Communities across Kentucky will benefit from nearly three million dollars in federal money intended to heighten security and safety measures. The funds are from the U.S. Department of Homeland Security.
The money will help bolster preparedness for terrorism or natural disasters in the Commonwealth. Half of it, or 1.4 million dollars, will pay for communications equipment, including mobile data computers and police radios.
Kentucky Office of Homeland Security Director Gene Kiser says the latest in communication technology is a must today, “You know all these department need to be able to communicate. I mean we’ve heard terrible stories of fire departments rolling up to a scene and having somebody with a gun pointing right in their face and their radios wouldn’t work and same thing with law enforcement.'
Over a million dollars will pay for bomb detection equipment along with medical, protective, and search and rescue items. Gene Kiser says, unfortunately, bomb detection units are kept busy, “You just never can tell. People, because of television and the internet, have become very sophisticated in putting something together that looks like a bomb. You just can’t tell until you’re right there with it. And these are the fellas that do a job I would never be able to do."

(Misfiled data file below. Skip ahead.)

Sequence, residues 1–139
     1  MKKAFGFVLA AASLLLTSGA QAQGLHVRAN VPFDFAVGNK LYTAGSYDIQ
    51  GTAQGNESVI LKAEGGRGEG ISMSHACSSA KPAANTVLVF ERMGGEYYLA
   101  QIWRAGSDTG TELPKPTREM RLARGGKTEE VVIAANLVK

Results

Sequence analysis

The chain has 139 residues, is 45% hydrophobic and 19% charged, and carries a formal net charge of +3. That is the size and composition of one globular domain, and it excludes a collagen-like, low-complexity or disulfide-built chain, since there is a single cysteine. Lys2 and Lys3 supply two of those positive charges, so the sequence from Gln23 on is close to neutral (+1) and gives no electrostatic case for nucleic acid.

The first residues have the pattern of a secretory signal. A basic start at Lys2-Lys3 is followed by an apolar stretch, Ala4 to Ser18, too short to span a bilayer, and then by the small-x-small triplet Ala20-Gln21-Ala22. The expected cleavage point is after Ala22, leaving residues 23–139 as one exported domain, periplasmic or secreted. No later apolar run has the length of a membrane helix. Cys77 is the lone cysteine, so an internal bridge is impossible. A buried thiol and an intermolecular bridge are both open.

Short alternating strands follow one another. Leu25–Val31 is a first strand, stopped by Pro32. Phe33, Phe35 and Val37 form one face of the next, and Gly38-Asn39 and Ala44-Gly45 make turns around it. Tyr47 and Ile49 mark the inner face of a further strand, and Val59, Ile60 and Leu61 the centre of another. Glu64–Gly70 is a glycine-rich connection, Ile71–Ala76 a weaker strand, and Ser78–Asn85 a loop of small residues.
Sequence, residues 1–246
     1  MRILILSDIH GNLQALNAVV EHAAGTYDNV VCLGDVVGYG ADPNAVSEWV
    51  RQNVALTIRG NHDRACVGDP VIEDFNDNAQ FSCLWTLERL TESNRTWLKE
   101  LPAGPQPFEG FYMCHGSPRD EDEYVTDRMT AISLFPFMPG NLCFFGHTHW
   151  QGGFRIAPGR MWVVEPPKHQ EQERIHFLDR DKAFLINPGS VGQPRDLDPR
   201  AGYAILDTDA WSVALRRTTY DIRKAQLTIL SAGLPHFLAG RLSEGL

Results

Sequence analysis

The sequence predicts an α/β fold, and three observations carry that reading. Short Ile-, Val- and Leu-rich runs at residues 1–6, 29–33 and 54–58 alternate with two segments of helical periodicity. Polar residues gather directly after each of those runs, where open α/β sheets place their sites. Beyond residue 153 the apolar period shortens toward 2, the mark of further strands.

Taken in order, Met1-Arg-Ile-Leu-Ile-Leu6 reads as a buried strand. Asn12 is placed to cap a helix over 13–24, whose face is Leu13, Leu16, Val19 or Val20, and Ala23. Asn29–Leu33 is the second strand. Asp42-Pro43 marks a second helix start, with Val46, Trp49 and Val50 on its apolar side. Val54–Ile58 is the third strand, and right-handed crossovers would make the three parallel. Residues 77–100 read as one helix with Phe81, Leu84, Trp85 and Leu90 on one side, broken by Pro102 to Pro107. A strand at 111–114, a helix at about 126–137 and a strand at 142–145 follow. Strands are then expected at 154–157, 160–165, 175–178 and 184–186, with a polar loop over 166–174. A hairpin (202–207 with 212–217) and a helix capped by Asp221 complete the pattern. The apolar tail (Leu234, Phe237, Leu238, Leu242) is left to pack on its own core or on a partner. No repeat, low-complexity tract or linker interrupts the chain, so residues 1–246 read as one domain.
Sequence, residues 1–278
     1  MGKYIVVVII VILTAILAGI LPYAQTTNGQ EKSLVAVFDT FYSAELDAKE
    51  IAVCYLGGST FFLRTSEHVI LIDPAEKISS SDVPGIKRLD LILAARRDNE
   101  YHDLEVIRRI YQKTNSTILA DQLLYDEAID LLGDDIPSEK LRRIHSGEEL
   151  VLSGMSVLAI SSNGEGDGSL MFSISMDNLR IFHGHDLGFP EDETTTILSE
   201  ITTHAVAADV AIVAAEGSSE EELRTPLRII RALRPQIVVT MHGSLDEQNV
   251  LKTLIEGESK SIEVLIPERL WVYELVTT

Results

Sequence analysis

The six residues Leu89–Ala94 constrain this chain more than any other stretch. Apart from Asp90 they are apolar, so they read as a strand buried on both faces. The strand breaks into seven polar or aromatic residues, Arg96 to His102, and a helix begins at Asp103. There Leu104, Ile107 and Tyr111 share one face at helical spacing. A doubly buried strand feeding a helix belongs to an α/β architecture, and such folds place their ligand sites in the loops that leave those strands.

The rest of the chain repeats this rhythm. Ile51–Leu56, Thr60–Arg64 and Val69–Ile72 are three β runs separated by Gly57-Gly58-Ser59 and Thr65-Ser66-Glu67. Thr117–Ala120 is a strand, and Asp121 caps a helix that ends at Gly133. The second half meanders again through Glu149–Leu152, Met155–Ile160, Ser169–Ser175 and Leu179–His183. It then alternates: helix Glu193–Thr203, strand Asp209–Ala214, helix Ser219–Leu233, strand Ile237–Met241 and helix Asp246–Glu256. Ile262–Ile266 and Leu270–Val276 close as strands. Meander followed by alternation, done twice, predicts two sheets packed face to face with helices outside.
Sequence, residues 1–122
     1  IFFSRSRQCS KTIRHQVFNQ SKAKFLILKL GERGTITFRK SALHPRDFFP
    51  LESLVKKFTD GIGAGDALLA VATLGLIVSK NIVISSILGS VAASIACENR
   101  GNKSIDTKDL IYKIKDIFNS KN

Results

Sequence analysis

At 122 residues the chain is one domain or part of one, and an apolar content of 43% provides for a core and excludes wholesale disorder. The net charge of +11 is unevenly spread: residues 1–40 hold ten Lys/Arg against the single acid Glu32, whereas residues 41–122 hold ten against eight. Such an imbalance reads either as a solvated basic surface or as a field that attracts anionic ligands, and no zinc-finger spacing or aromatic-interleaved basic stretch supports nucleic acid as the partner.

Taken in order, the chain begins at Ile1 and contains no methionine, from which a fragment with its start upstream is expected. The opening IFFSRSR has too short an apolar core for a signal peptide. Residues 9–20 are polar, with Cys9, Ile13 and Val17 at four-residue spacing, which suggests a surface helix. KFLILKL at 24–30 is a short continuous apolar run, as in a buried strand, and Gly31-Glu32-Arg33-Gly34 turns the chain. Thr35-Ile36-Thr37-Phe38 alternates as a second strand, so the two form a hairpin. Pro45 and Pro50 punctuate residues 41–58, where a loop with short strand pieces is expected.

Kiser hopes the federal government will continue to provide funding for security measures, admitting that state and local governments have become what he described as "addicted to the grant funds." He says there is also hesitancy to raise taxes to pay for expensive equipment.